Research ArticleGEOLOGY

Short-lived pause in Central California subsidence after heavy winter precipitation of 2017

See allHide authors and affiliations

Science Advances  29 Aug 2018:
Vol. 4, no. 8, eaar8144
DOI: 10.1126/sciadv.aar8144
  • Fig. 1 Subsidence rates and seasonal amplitudes.

    (A) Secular rates of displacement in the satellite’s line of sight (LOS) inferred from 40 Sentinel-1 acquisitions (November 2014 to November 2016), as well as the Corcoran clay extent (gray, white outline), rivers (black lines, dotted where inferred), major canals (black dashed lines), and faults (49) (red lines). Inset indicates location of (A) and (B) (red square), Tulare Basin (blue), and Corcoran clay extent (gray). (B) Amplitude of best-fit sinusoidal term. SAF, San Andreas Fault.

  • Fig. 2 Temporal variability of ground deformation.

    Displacement history at location of GPS station CRCN (Fig. 1) for Sentinel-1 (red dots) and GPS (black dots) projected into Sentinel-1 LOS (~38° from vertical), and best-fit model of secular + seasonal signal (green line), with daily stream discharge (light blue curve) at the U.S. Geological Survey (USGS) monitoring site at Deer Creek (https://waterdata.usgs.gov). The light gray–shaded area indicates the approximate time range of drought in California, with purple shading highlighting the rate changes that began in early 2017. We use GPS position solutions in the NA12 reference frame, available for download on the data products pages of the Nevada Geodetic Laboratory (http://geodesy.unr.edu).

  • Fig. 3 Displacement profiles and time series reference area.

    (A and B) Profiles of cumulative displacements colored by acquisition time [profile location in (C)]. Every fifth date is plotted. (A) Cumulative displacements after removing a planar function and mean offset from each date. Note that the large region of subsidence has biased this estimate, resulting in an artificial signal of apparent uplift along the margins, particularly near point P. (B) Cumulative displacements after removing mean offset calculated on the basis of subset of pixels defined by SD criterion. (C) SD of time series at each pixel after applying a low-pass filter (allowing only periods greater than 180 days). The black contour line (10 cm) represents the threshold SD used to separate deforming areas from nondeforming areas in offset correction. Nondeforming areas were used as reference pixels in the displacement time series. Note that even some of the smaller subsidence features associated with hydrocarbon extraction in the southwest are automatically identified using our approach.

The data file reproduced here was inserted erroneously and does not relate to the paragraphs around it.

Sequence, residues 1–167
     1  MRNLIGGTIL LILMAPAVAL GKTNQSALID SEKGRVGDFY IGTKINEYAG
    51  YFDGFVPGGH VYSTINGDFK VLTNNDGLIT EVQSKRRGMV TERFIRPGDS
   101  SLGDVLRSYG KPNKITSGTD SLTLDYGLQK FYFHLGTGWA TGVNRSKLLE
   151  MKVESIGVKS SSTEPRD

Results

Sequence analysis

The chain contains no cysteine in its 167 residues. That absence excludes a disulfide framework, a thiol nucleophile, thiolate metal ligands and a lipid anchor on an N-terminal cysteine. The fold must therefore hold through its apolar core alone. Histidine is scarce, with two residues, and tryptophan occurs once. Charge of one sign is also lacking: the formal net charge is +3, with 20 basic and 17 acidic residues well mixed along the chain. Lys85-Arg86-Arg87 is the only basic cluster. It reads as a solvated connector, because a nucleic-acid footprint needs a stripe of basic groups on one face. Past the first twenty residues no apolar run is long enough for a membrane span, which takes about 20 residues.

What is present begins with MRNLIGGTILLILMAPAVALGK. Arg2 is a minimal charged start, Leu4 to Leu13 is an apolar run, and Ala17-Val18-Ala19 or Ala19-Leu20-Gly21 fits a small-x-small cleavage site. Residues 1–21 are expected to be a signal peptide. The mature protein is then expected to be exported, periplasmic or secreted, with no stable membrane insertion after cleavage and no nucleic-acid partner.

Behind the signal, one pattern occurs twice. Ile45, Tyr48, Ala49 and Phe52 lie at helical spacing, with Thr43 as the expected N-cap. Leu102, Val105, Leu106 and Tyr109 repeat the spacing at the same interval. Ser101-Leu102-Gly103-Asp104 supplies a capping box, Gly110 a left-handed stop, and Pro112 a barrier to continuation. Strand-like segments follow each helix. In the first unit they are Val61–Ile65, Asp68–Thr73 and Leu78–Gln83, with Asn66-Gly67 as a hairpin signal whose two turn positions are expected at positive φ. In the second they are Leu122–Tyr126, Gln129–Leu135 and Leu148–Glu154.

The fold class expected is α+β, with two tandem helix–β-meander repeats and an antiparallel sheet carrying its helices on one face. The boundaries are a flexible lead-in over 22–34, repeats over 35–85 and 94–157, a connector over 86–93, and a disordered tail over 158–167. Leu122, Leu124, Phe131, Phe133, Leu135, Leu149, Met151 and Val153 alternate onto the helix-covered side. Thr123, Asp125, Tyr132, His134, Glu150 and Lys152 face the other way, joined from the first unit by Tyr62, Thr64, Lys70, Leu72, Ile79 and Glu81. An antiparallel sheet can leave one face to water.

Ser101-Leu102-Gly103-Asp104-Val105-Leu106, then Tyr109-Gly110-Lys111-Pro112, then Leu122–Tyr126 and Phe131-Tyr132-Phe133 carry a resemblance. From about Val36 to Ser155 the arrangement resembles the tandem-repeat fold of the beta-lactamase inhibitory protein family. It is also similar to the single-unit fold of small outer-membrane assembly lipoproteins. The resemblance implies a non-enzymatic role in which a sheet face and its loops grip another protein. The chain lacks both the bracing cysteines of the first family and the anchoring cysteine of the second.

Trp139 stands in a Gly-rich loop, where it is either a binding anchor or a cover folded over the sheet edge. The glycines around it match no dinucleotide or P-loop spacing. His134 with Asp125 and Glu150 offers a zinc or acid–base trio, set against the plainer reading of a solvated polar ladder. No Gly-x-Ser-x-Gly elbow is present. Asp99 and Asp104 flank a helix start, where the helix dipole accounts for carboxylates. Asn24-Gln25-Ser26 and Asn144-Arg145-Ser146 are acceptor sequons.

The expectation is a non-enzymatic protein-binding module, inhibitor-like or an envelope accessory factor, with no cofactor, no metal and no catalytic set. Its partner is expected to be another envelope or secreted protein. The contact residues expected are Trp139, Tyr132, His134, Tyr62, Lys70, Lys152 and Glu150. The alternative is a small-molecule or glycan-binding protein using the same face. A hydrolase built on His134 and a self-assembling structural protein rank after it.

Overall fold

• Fig. 4 Spatiotemporal progression of deviation from the multiyear trend (α).

    Filled contours colored by date when LOS displacements deviated by more than 13 cm from model fit during peak drought. Time ranges are shown in inset plot (October 2016 to July 2017). Inset plot: α versus time at points 1 to 5. Light blue curve is a time series of daily stream discharge at the U.S. Geological Survey (USGS) monitoring site at Deer Creek (https://waterdata.usgs.gov) filtered with a 2-week moving average.

  • Fig. 5 Year-to-year differences in subsidence behavior.

    (A) Time series at two representative points as a function of the day of year for each of the three years, beginning on the date of the first available SAR acquisition (November 8; day of year, −53). Locations of examples 1 and 4 are the same as in Fig. 3 and are shown in map view in (B) and (C). Cumulative difference of first and second years (B) and second and third years (C) at each pixel, averaged over shaded time period shown in (A). Map symbols are the same as in Fig. 1. Differences less than 2 cm are transparent. This analysis assumes no model (for example Eq. 1) to characterize the data but still illustrates the spatial and temporal variability in subsidence, indicating that the effects that we observe are not just an artifact of the time period used in fitting Eq. 1.

Supplementary Materials

  • Supplementary material for this article is available at http://advances.sciencemag.org/cgi/content/full/4/8/eaar8144/DC1

    Fig. S1. Data quality metrics.

    Fig. S2. GPS time series.

    Fig. S3. Time series at points.

    Fig. S4. Example seasonal signal.

    Fig. S5. Deviation from multiyear trend (α) averaged over March 2017.

    Fig. S6. Continued subsidence, 2017.

    Table S1. Previous observations of subsidence in the Tulare Basin.

    Movie S1. Spatiotemporal progression of deviation of subsidence from the multiyear trend.

    Data file S1. Text file containing a list of all dates of SAR acquisitions used in this study.

    References (5053)

  • Supplementary Materials

    The PDF file includes:

    • Fig. S1. Data quality metrics.
    • Fig. S2. GPS time series.
    • Fig. S3. Time series at points.
    • Fig. S4. Example seasonal signal.
    • Fig. S5. Deviation from multiyear trend (α) averaged over March 2017.
    • Fig. S6. Continued subsidence, 2017.
    • Table S1. Previous observations of subsidence in the Tulare Basin.
    • Legend for movie S1
    • References (5053)

    Download PDF

    Other Supplementary Material for this manuscript includes the following:

    • Movie S1 (.avi format). Spatiotemporal progression of deviation of subsidence from the multiyear trend.
    • Data file S1 (.txt format). Text file containing a list of all dates of SAR acquisitions used in this study.

    Files in this Data Supplement:

Navigate This Article